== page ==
And he apparently subscribed to that same mantra of going with the flow while coming up with the concept art for his game:
We’ve been asked for the concept art earlier, but there is no real concept art. This is due to the production process of our artwork, which is done with 3D software. It’s possible to use concept art, but not really necessary. Maybe it’s the easiest to take a look at our short making of video:
So you see, apart from the little bit of experience in making illustrations, I know about as much about making games as anybody else who has played some.
Nevertheless, he did very well so far. Take a look at some screenshots of A Little Less Desperation:
But if you’re still frustrated because of the carefree way Marian goes about making decisions on his game art, here’s a valuable and surprising tip advice for you:
When it comes to artwork, the way we do it, there is something I can recommend reading, but you mustn’t laugh: Illustrated books for children! I always found them to be a great source for inspiration!
Ok! We’ll take note without laughing…
All of this work hasn’t been done solely by Marian. According to him:
[The team of developers has] Stefan Schütz and Thorsten Weinz, two friends of mine from town who sorted out the music. I just asked them whether they’d be interested in working on the game with me and I was lucky they agreed! Lee Clarke is a freelance game developer from the UK and lives in Spain. He was very helpful in the Visionaire Studio forum, our game engine, when I had questions about how to operate it. Finally, he joined our team as our lead programmer. I have never met him, we just have contacted via Skype and by email.
Marian’s team was brought together out of passion. He claims to be mainly in it as a hobby and he has some advice for you who’s reading this and thinking about becoming a game developer as well:
I’m sure if you pursue a career in the game industry, our approach is not the best, because the industry is always about profit. As I do this as a hobby beside my daytime job, I can’t be as focused on the topic as someone who does game development as a main job. I home some general thoughts about it for the sake of advice: there’s always the difference between “can”and “must”. When you do something, game developing or something else, try to stay on the “can” side as much as possible. “Can“ means, you don’t have to, no obligation. This means, that if you do it anyway, you do it because you want to, it’s something you like doing. That’s a great starting point for creative work! It’s joyful, satisfying and motivating and it will very probably result in something nice, by absorbing a bit of your character and devotion; something that is more than the sum of its parts. If you do something, because you have to, it’s “must“ and it may mean that you don’t really want to, which can be really demotivating. You’ll get a result, but probably without soul, just something that will fit the required specifications. So from this point of view, when it’s about the game and not about profit, maybe our approach is not the worst. We see our game as our hobby, almost pure “can“, so we hope it will be really nice. In my eyes this is the core idea of indie games.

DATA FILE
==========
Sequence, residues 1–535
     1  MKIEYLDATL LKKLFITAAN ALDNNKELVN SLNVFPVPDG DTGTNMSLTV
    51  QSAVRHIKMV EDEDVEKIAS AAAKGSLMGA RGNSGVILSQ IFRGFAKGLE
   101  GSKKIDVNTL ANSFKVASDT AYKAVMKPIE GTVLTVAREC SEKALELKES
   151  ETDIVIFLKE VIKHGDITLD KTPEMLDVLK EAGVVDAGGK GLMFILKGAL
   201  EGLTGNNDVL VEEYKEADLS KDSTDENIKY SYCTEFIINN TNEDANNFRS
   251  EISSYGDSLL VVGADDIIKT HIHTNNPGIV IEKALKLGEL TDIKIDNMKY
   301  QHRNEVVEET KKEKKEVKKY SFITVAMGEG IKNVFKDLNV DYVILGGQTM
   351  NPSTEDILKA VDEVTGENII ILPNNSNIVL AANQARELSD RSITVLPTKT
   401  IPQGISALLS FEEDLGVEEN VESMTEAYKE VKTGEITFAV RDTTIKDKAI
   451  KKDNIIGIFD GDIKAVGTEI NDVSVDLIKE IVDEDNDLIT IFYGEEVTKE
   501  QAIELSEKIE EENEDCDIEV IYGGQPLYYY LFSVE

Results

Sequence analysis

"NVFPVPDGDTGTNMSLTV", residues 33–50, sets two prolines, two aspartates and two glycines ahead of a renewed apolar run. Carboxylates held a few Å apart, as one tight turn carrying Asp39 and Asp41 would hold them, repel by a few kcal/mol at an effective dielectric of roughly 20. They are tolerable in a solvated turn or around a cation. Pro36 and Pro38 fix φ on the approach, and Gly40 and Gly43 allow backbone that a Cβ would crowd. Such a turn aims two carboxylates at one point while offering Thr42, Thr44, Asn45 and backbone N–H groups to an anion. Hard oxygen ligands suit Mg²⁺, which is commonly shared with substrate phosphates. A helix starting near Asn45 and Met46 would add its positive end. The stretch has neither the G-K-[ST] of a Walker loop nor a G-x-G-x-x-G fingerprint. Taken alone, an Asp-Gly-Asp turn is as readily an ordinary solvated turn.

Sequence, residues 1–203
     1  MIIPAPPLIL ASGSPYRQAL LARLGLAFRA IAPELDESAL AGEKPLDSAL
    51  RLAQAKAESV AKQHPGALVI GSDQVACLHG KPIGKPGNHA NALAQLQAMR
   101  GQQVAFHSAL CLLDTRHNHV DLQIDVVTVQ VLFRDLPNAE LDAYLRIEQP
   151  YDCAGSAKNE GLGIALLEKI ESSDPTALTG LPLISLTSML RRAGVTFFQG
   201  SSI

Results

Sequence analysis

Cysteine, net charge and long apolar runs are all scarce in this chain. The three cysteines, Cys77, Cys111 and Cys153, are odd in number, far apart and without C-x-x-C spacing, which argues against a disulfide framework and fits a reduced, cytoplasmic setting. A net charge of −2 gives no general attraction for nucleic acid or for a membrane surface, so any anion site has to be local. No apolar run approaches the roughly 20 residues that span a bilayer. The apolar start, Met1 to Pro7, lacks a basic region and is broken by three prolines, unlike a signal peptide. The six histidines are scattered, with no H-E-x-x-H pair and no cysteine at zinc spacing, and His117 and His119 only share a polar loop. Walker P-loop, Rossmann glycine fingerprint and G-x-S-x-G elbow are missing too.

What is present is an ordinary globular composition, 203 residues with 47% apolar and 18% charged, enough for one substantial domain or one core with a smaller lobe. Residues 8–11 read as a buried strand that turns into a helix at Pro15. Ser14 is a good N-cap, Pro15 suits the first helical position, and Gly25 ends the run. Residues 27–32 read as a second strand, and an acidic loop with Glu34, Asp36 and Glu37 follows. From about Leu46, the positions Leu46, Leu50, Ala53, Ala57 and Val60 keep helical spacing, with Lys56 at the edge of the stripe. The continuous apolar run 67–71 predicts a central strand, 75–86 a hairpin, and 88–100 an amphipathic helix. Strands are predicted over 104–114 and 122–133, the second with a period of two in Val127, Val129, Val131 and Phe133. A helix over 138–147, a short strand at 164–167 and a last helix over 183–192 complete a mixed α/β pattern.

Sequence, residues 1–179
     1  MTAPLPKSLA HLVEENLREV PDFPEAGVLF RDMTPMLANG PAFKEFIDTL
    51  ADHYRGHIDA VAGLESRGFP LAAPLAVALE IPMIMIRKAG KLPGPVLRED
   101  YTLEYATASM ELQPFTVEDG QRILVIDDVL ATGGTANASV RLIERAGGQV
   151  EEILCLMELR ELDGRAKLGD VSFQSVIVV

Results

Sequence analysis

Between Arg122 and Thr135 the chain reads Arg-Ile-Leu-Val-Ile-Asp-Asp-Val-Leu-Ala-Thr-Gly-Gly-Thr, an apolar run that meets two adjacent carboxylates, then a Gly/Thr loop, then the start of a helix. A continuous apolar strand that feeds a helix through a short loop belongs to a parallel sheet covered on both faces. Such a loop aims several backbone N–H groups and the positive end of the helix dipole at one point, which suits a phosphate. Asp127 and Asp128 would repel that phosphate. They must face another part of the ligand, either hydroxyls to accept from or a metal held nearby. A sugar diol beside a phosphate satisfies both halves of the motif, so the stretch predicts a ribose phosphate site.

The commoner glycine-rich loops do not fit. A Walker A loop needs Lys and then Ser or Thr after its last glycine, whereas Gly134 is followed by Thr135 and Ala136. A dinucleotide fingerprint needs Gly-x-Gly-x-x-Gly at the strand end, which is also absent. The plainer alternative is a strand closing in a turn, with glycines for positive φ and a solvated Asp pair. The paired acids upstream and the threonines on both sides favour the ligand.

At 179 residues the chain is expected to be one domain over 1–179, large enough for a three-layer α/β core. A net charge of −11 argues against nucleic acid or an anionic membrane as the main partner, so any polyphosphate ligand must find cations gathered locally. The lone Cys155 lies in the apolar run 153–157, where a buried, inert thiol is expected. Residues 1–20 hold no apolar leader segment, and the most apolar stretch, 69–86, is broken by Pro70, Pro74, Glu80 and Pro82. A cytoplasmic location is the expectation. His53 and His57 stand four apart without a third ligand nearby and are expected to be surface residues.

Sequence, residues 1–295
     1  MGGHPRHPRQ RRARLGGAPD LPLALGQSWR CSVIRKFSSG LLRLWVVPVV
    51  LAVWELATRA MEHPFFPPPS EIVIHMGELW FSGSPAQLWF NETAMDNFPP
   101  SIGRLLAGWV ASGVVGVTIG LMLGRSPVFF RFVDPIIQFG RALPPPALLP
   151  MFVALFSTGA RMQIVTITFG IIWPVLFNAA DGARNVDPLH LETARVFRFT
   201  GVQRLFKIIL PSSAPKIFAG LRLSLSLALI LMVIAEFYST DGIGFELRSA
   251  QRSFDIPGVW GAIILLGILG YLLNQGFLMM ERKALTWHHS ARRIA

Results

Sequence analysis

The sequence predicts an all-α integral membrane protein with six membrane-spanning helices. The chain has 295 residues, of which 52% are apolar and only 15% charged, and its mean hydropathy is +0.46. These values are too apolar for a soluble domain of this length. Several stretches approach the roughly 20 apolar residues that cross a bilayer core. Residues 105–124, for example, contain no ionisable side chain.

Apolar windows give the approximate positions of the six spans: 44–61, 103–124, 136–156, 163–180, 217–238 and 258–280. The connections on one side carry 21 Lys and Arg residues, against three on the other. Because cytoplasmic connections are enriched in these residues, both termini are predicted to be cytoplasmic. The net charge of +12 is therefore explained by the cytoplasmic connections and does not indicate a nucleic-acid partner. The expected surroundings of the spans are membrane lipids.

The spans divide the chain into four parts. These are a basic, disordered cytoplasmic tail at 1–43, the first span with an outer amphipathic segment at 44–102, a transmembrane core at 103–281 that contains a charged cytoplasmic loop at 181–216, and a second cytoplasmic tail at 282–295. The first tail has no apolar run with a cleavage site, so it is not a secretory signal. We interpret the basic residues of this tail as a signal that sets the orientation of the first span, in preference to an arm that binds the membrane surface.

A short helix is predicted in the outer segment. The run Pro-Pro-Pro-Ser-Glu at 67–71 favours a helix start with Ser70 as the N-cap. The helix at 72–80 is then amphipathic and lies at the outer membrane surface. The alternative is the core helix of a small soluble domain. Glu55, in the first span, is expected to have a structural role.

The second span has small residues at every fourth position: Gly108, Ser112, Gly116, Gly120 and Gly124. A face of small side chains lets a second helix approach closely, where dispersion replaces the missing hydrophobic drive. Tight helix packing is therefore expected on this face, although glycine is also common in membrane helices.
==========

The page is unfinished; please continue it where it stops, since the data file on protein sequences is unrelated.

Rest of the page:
Do you want to try A Little Less Desperation before its release date? Try a demo now:
DEMO LINUX: (Prototype: Tested on the following releases: 64 bit Ubuntu 16.04, Ubuntu 16.10, contemporary Manjaro)